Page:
Vintage Clothes Customisation: Sew much better

Before (left) and after (right).

eBay addict seeks dressmaking ace for mutually beneficial relationship. Kirstin Innes finds out more

Over the last decade or so, as we’re sure you’re aware, it’s become not only socially acceptable, but positively necessary, darling, to wear second hand clothes. The vintage business is big – entire empires are built upon a few 50s prom frocks and some really good Mod suits – and seemingly recession-proof, with more stores, online outlets and eBay mini-sites opening up every day.

The trouble with one-off pieces, as every thrift-shopper knows, is they don’t come in other sizes. Fallen in love with a 70s kaftan that’s six sizes too big? Have to have it anyway? You’re not alone.

Sharon Stephen, manager of upcoming band We Were Promised Jetpacks, happily admits that she has a vintage problem. ‘I’ve always bought second hand; as a teenager on Orkney, I used to raid the charity shops. When I moved to Glasgow, I discovered Mr Ben’s. That really opened my eyes to the range of clothes out there. It fuelled my addiction.’ A few years ago, she discovered eBay, where vintage clothes tend to be less expensive than in specialist stores.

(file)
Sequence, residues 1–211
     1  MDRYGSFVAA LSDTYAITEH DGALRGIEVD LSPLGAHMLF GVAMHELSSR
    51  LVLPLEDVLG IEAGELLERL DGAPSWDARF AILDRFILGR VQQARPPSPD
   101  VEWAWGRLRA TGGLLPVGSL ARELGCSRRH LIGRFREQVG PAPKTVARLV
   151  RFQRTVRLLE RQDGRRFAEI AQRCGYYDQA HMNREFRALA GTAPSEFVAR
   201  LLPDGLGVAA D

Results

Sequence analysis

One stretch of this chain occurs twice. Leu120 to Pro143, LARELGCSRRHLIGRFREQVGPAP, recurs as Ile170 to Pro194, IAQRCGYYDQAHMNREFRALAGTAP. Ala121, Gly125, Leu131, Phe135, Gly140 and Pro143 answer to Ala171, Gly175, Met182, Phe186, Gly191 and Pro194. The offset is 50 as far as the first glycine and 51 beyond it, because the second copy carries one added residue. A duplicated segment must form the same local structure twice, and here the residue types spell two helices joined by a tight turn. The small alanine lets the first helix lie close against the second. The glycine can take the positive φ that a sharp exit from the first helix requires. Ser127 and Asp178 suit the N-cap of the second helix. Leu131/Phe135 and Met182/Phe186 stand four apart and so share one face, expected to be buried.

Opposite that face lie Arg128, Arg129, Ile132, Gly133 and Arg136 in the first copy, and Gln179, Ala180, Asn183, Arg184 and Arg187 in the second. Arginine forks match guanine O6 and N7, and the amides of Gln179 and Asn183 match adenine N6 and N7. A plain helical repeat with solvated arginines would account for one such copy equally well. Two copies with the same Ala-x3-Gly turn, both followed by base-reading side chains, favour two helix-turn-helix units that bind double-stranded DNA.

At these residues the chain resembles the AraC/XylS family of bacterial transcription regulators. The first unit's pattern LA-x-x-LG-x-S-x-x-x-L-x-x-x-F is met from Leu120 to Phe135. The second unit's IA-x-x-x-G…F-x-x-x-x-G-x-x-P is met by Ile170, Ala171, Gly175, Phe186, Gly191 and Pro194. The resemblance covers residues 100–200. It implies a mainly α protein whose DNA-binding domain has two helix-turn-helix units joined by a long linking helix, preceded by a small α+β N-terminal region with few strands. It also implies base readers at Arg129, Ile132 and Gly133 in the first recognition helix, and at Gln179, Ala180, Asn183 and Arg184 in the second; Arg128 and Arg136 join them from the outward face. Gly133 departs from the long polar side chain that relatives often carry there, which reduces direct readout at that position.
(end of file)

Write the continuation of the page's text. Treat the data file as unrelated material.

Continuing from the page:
‘My eBay problem. Yes. I became obsessed with buying vintage pieces because I loved the pattern or the style, and it was all really cheap. It would arrive, and it wouldn’t fit, but I wouldn’t ever get round to sending it back or reselling it. I had this growing stockpile in my room: a proper Farrah Fawcett-style jumpsuit, or a Chloe dress, straight off the runway. I was starting to get exasperated about the amount of clothes I had that I loved and couldn’t wear, so I just Googled dressmakers in Glasgow one day.’

Fortunately, she found Emma MacPherson, a former model and qualified fashion designer who set up her own company, Amelie Bespoke, when she was 22. Eight years on, she finds most of her business comes from wedding dresses, but also offers a customising and alterations service; having worked with high-end vintage clothes at Glasgow’s Saratoga Trunk for years, MacPherson knows her way around an old seam. ‘I just react instinctively to clothes; I’ve always been able to work out how the cut works, and what you can and can’t do with the fabric,’ she says. ‘I can just alter it so it fits, or I can turn it into a different item of clothing altogether! Customising an existing piece usually takes me a couple of hours, no more, and costs about £20, so depending on what you paid for the original, you could have a completely new one-off for as little as £25.’

MacPherson is part of a new wave of shop owners and dressmakers – often graduates of Edinburgh or Glasgow’s Art Schools, or Galashiels’ School of Textiles – offering customising services. There’s several more of these specialists across the cities, see, Raw Vintage, Glasgow ( and Godiva, Edinburgh ( who also offer customisation services, but on their own stock.

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